14 is simply too young. I’m sure there are plenty of good arguments from the farm community to allow children to receive licenses this young, but it is just too young.

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West Virgina teen driving laws change July 10

Posted by lapearce on June 21, 2009

Fifteen-year-old Kenny Collins said he often sees students carry up to 10 of their friends to school in the beds of their pickup trucks.

"Fifteen-year-old Kenny Collins said he often sees students carry up to 10 of their friends to school in the beds of their pickup trucks."

West Virgina has been lagging behind on the recommended restrictions on graduated driver’s licenses that the Insurance Institute for Highway Safety has recommended. They’re fixing that next month, however, as they adopt the advice and upgrade their GDL status to “good” under the IIHS’s rating system, the highest rating available.

What does this mean for teen drivers in West Virgina? In three weeks drivers under the age of 17 won’t be able to drive unsupervised after 10 p.m., no non relative teen passangers for the first six months of driving, are required to have 50 hours of driving before they get their license, and now can be pulled over and cited for cell phone use.

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New Jesery’s next target: GPS

Posted by lapearce on June 21, 2009

 

BMW has a flat dashboard and controls on the passenger side so passengers can operate the GPS while the driver drives

BMW has a flat dashboard and controls on the passenger side so passengers can operate the GPS while the driver drives

New Jersey is a national leader in driving laws right now. They were one of the earlier states to ban cell phone use and text messaging while driving, and the first state to introduce teen driving stickers for new drivers. Now New Jersey Assemblyman Harvey Smith has his aim on legislature’s next target: GPS.

 

The use of GPS in a car is arguably safer than looking down at maps and directions. Play-by-play spoken directions with maps that follow your location are meant to help prevent drivers from being distracted. They probably do, except at one key time:

When you program them.

The process of adding/finding a destination and telling the GPS unit to get you there may only take a minute, but it’s a minute when your eyes are off the road. Newer BMWs have the dash face the center of the car, and not the driver, specifically so the passenger can program the GPS for the driver while he/she drives. Other GPS units, like Honda’s, are voice activated to limit the amount of time you look at them.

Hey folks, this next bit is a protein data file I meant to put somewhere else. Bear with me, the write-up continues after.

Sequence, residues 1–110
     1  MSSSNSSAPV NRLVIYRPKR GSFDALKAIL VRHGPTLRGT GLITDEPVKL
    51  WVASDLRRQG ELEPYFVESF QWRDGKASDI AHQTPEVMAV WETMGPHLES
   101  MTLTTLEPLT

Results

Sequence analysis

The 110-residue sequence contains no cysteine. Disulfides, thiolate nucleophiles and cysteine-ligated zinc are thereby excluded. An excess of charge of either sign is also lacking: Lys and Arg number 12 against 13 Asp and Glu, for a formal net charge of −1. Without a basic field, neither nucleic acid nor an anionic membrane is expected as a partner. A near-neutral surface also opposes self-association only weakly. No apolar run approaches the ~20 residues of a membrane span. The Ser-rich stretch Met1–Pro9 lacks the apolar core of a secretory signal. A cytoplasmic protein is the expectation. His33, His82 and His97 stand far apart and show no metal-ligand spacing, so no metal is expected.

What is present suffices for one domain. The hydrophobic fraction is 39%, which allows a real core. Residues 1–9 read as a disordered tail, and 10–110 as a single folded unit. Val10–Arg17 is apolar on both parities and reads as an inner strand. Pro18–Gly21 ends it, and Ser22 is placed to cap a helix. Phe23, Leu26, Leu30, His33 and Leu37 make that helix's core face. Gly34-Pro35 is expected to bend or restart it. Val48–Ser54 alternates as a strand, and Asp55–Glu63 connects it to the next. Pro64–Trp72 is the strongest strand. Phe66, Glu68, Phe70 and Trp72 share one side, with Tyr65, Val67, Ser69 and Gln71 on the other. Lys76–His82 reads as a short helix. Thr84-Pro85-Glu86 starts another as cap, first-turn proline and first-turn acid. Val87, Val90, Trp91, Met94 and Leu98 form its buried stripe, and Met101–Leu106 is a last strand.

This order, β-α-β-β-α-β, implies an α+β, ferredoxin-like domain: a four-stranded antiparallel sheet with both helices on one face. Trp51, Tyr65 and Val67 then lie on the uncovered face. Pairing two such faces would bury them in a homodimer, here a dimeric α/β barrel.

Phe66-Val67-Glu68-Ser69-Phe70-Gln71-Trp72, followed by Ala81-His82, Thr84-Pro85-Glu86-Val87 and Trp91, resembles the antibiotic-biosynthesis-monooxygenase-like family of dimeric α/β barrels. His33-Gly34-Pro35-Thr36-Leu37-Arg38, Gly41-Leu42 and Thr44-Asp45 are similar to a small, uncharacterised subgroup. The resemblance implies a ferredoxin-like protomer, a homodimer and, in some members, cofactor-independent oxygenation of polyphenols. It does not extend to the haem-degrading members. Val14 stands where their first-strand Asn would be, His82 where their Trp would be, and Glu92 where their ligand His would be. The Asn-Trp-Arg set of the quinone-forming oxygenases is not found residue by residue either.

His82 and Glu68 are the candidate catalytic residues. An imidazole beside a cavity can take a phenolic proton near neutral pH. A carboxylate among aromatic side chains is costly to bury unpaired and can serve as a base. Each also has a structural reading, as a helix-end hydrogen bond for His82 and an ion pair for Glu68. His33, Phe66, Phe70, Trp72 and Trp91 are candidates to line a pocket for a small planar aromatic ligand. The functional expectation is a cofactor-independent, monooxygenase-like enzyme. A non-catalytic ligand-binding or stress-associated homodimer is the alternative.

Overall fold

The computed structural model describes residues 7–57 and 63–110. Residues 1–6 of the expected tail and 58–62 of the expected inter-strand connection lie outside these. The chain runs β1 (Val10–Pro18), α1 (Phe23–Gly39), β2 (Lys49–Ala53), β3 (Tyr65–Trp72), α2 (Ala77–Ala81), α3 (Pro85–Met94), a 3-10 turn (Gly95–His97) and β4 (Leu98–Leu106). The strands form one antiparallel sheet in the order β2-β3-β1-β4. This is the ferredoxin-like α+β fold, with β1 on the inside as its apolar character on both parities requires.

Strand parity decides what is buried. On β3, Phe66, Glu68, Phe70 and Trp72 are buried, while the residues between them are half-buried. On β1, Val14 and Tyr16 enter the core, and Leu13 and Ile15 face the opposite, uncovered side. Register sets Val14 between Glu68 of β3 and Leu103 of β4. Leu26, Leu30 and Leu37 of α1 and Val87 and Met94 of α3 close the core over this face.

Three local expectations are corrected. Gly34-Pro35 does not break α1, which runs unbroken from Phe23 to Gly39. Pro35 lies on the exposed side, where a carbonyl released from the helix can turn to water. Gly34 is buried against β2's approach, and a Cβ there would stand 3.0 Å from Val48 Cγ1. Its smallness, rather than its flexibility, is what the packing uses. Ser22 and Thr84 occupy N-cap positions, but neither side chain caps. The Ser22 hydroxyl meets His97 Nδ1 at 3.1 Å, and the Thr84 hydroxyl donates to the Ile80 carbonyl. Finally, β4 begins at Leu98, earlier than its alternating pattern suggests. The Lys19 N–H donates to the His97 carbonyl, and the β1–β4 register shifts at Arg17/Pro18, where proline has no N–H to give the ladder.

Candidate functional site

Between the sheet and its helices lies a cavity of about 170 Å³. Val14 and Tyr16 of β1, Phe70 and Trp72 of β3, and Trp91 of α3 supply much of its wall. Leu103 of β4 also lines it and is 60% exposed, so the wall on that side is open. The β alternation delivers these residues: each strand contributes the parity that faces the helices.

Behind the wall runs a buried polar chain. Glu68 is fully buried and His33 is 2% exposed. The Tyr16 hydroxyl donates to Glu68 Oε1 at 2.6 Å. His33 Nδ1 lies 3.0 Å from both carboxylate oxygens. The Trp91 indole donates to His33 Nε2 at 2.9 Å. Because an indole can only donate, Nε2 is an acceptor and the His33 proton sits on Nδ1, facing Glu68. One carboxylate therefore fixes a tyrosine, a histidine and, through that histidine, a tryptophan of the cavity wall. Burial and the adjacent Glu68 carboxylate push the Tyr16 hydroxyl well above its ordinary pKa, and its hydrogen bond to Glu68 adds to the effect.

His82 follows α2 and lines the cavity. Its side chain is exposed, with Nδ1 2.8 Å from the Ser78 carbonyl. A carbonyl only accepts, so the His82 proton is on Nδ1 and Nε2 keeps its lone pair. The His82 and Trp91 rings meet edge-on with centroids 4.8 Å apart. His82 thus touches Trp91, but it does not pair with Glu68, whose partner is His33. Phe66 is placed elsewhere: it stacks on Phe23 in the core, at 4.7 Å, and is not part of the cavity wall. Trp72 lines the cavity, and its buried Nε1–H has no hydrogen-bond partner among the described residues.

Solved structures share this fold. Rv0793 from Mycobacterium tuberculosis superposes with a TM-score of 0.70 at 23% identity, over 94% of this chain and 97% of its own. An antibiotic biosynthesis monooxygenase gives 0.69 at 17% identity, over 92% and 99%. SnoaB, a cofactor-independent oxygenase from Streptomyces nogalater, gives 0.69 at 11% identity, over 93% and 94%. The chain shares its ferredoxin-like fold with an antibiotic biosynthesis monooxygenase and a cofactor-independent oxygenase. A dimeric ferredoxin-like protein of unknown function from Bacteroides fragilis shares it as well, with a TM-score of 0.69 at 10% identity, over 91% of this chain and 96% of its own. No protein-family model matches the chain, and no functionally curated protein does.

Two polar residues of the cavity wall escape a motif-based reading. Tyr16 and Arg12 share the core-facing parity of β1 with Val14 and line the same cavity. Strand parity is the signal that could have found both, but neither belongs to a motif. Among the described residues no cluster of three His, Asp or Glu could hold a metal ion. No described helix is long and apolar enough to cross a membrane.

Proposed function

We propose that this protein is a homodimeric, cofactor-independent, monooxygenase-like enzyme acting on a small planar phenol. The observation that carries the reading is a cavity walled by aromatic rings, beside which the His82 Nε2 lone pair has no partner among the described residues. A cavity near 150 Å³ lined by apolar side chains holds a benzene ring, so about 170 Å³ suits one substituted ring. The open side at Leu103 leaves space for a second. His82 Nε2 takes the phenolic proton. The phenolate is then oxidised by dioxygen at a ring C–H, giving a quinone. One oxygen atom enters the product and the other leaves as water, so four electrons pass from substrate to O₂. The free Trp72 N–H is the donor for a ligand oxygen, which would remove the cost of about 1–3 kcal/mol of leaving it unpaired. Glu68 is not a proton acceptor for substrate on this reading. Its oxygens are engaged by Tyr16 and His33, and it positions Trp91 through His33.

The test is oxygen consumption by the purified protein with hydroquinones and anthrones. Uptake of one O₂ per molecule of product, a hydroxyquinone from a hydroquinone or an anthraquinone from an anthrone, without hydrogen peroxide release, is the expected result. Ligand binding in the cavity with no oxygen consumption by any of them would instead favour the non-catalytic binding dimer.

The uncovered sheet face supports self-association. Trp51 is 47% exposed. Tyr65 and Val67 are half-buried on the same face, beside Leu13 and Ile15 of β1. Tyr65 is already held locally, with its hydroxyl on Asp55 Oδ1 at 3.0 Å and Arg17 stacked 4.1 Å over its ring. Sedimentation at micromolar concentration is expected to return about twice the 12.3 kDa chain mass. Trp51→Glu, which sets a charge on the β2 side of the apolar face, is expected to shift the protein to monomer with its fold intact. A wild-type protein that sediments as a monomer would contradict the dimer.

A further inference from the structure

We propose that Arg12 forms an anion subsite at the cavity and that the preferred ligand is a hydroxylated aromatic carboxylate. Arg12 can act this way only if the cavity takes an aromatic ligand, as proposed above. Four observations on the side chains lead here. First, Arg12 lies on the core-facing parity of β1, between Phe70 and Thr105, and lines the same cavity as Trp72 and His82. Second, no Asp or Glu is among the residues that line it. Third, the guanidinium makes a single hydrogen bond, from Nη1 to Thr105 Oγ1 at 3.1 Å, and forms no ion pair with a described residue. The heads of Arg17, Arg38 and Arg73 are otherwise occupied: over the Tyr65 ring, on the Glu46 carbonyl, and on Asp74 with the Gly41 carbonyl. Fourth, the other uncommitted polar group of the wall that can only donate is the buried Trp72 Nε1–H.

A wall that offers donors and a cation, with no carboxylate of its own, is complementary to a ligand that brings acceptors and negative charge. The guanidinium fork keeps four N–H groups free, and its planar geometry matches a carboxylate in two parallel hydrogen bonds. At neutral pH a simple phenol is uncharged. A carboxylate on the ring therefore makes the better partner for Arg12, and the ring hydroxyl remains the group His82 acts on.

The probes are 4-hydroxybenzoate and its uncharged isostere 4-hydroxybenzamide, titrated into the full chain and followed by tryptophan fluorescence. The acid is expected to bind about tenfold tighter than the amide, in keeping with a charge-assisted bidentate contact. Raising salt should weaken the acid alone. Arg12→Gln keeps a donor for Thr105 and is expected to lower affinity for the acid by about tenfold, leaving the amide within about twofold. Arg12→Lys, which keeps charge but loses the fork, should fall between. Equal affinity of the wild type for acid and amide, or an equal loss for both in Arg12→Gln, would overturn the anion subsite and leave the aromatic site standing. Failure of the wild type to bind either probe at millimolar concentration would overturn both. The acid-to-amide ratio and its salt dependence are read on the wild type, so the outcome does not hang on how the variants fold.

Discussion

I understand the danger here, but the process takes so little time that I can’t see how it can be enforced. The police will need to have a sharp eye in order to give out the $100 fine for programing a GPS unit while you drive. Ironically, this could be distracting for the police.

This is not yet law, it was just been introduced to the legislature on June 8. It needs to get through both houses and the governor before it becomes illegal to program your GPS while driving. The article linked above asks a very good question: what’s next? Ipods? Looking for gum? Smacking your kids in the backseat?

How about we just get some common sense, figure out this stuff is dangerous and stop doing it? I spoke to a 19 year old girl last night who totalled her last car because she was texting while she drove. I told her how that wasn’t a very good ideas and she told me, “oh, I’ll still do it.”

Paging Darwin to the U.S. roads.

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For Neda: a victim of the Iranian government

Posted by lapearce on June 20, 2009

I am not Iranian, but I am very concerned about what is happening in Iran right now. I’ve been following what has happened on twitter all week long, and today I went to a pro-democracy rally today in Los Angeles. CNN has been on all day as we have been following what has happened.

Protests happened all over the world today, especially in Iran, where police and military forces used tear gas, batons, guns, and even dropped acid (or boiling water) on protesters from helicopters. One of the most emotional pieces of information to come out of Iran today was the shooting and killing of a girl named Neda.

Neda was 16 years old. She was standing by her father’s side at a rally when she was shot in the chest by a snipper. Someone recorded her death on video, and if you want to see it, I’m sure you can find it on youtube or on the news. I don’t want to link it because it incredibly emotional and difficult to watch her die. To see people struggling to save her, and then the shrikes and cries from the crowd as she dies. 

I want to take a moment from what is happening in the United States, our own politics and issues, and look at what others are struggling. Pray for the Iranian people and for their safety.